IMG_1694This next sheet is all graphite. Top left, a plain rubbing with feathering using toothbrush (L) and spiky ball (R); bottom left using a sponge (R) and rock (L).

Top right, attempted a rubbing with the dragon button, but between the curved shape and thick paper, it didn’t work.

In the end, I produced 3-4 sheets, using all the items in various ways. I think this exercise helps me think outside the box about what constitutes a tool for art, therefore making me more likely to use whatever I have on hand. Also, to have less attachment to what I anticipate a tool will do, and be more open to its different, unexpected possibilities.

Warm Up, Mark Making Ex. 0.1

These exercises, 0.1-0.4, are all about playing with tools, both conventional and not, and trying different mediums and techniques. The first sheet, I simply tried out the different graphite pencils, to get a feel for range of hard to soft, and the second sheet, I used the word prompts:


This sheet was my first tine playing with India Ink, which I enjoyed using:


Especially using the India Ink pens, here just playing in my sketchbook:


The finer pens are almost like markers. At the other end, SB is more like a paintbrush.

Even though it had less control, I liked the character it gave to the sketch:

IMG_1667I also did other sheets using markers (or Sharpies); black & white wax (combined with ink or graphite); graphite while holding the pencils differently, or moving my arm from the wrist vs. elbow (surprising how much difference that can make).

Chestertown River Arts

I recently went to Chestertown River Arts, a small, community arts center on Maryland’s beautiful Eastern Shore (I may be prejudiced…) that hosts a monthly rotating art exhibit in their gallery. August features two fiber related exhibits, Fiber Finesse and Fabrications 2014.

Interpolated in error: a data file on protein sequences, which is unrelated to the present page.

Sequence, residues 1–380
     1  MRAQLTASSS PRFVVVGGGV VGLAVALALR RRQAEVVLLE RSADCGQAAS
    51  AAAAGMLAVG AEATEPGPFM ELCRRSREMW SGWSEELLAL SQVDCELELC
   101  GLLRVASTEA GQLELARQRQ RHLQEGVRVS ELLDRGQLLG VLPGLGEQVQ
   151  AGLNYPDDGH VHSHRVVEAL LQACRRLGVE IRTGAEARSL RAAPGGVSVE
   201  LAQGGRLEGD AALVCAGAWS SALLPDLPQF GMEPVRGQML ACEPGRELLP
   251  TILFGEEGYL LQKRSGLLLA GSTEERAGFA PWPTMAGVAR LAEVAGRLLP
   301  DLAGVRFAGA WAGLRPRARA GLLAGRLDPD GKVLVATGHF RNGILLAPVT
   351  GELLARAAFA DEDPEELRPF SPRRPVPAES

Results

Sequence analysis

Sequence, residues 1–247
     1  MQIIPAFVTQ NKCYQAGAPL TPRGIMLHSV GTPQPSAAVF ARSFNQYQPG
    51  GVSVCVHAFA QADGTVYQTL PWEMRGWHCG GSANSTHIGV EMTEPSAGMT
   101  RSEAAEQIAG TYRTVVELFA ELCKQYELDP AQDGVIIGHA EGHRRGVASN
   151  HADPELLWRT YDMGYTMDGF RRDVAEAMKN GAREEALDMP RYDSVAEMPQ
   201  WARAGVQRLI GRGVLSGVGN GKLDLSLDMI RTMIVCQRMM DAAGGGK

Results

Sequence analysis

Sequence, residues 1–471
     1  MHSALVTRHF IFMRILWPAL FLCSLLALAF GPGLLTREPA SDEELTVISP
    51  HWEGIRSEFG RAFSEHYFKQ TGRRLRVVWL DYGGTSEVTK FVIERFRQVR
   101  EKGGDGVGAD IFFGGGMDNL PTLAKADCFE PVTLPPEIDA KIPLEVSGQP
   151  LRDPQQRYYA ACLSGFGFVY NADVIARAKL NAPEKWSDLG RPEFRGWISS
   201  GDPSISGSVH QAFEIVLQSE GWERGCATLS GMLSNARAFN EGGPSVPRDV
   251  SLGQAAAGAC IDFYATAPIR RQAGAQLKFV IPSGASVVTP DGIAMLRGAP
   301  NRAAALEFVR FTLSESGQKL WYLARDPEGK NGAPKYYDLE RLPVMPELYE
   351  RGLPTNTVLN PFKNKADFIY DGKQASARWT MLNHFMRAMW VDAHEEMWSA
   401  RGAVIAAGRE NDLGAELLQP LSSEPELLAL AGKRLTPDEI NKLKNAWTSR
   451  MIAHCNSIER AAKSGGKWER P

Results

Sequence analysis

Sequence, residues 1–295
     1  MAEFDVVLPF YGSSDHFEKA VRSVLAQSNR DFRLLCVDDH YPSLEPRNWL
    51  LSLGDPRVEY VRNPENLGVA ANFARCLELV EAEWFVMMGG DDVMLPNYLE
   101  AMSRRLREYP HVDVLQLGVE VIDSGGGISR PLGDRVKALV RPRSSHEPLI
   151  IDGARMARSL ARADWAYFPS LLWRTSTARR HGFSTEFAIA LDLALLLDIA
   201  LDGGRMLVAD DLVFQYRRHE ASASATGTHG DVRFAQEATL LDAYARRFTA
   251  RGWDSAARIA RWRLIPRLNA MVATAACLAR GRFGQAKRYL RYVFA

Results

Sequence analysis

Fiber Finesse, in the main gallery, featured mainly handmade items for wear and home, such as knitted sweaters, shawls and blankets, needlepoint and cross-stitch hangings and quilts.

Shibori Scarf, by Lesley Campana

Shibori Scarf, by Lesley Campana


This scarf, was handwoven of Tencel, then hand-dyed (type of dye was not listed). The Shibori dyeing technique Ms. Campana used resulted in beautiful, softened geometric shapes. I also liked the shift of color prominence, anchored by the matching fringe.







Supplemental Warp Scarf, by Lesley Campana

Supplemental Warp Scarf, by Lesley Campana

The Supplemental Warp Scarf was handwoven using rayon, nylon and mohair. This is a weaving technique I’m very interested trying, and I think she uses it for a lovely effect here.






I found Fabrications 2014 a fascinating exhibit. There were offerings in pottery, wood & mirror, and kiln-formed glass & steel. My favorite artist there was Joyce Murrin, whose works of fabric used color and contrasting prints to create evocative nature pictures.

Moving Water, by Joyce Murrin

Moving Water, by Joyce Murrin

by Joyce Murrin

Winter Coming On, by Joyce Murrin

Deep Forest, by Joyce Murrin

Deep Forest, by Joyce Murrin



In Moving Water, her use of not only curved pieces of fabric, but the tonal shades gives the piece fluidity. Winter Coming On uses cotton print, paint and pen, and tucking of the fabric for the Birch trees . Deep Forest also utilized machine stitching, and unexpected flashes of color throughout the bottom half of the work.




In Fabric Interpretations of Photos, Ms. Murrin gives us a side-by-side view of the original photo and her fiber version. While it’s very impressive how accurately a photo can be reproduced with fabric, I find the more abstract interpretations to have a greater impact.

Fabric Interpretations of Photos, by Joyce Murrin

Fabric Interpretations of Photos, by Joyce Murrin

Fabric Interpretations, by Joyce Murrin (detail)

Fabric Interpretations, by Joyce Murrin (detail)



(Lesley Campana, of The Celtic Knot Studio, can be reached at lcampana99@verizon.net)

Here we go…

I’ve started this blog to serve as my Learning Log for the Textiles program at OCA. I’m beginning with the pre-degree course, Foundations: Textiles.

It might expand to include other craft/art endeavors, we’ll see how it goes!